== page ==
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PCs aim to take math “back to the basics”

Province investing $200 million over four years to improve math scores

By Dave Flaherty/The Oshawa Express

With math scores continuing to decline across Ontario, the provincial government says it will spend $200 million to take lessons “back to the basics.”

The new four-year math strategy comes on the heels of recently-released EQAO results.

The results show 58 per cent of Grade 3 students are at provincial standards in the 2018-19 round tests, a drop of three per cent the previous year, and five percent since 2015-16.

Forty-eight per cent of Grade 6 students were at or above the province’s standards last year, which was also down.

The number of Grade 9 students at or above Ontario’s standards has remained stable over the past four years.

Among academic students, 84 per cent of students met the mark, the same as 2017-18, while in applied classes it was 44 per cent, a slight decrease.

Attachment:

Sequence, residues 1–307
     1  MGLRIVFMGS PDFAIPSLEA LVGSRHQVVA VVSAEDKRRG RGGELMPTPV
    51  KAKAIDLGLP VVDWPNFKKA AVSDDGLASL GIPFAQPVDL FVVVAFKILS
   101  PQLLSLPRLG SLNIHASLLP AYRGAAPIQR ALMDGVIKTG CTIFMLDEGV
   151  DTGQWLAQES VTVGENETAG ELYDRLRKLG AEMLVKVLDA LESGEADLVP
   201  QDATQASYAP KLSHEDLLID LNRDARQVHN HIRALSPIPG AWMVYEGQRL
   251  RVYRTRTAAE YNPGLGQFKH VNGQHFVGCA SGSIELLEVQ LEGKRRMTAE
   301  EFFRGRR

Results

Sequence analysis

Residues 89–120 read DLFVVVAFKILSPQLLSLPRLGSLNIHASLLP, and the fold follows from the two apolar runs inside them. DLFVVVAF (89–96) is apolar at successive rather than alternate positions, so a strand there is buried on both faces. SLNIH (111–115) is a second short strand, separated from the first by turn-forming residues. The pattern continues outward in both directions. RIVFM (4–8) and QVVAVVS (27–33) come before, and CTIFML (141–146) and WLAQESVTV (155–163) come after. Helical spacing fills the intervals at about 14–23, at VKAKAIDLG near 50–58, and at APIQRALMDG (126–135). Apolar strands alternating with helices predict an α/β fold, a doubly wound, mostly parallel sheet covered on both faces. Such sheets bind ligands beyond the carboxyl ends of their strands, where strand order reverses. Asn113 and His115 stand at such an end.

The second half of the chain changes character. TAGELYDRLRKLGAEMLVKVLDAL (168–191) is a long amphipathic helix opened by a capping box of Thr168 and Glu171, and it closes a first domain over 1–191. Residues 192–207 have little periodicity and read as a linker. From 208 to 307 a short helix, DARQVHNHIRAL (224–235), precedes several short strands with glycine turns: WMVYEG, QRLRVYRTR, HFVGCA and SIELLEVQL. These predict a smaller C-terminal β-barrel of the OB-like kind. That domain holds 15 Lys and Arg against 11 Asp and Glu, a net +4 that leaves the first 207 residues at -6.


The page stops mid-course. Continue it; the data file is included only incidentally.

But Minister of Education Stephen Lecce says students are “struggling,” and change is needed.

“We will never accept the status quo, we are demanding better for our kids by investing in a landmark multi-year strategy that will, from day one, help our students and educators build the confidence and

knowledge to excel in math,” Lecce said in a news release.

The $200 million, four-year strategy begins with $55 million in funding for the 2019-2020 year.

According to the ministry, the funding will be used to hire “math-learning leads” to support school boards, expanding online tutoring programs, subsidize additional math courses for teachers, and

development summer learning programs to prevent student “learning loss.”

The government recently announced new applicants for teaching positions in Ontario’s elementary and high schools will need to score 70 per cent on a new test under development by the government.

The test, which is slated to be in place at the end of this school year, will include both math questions and an evaluation of their in-classroom teaching methods.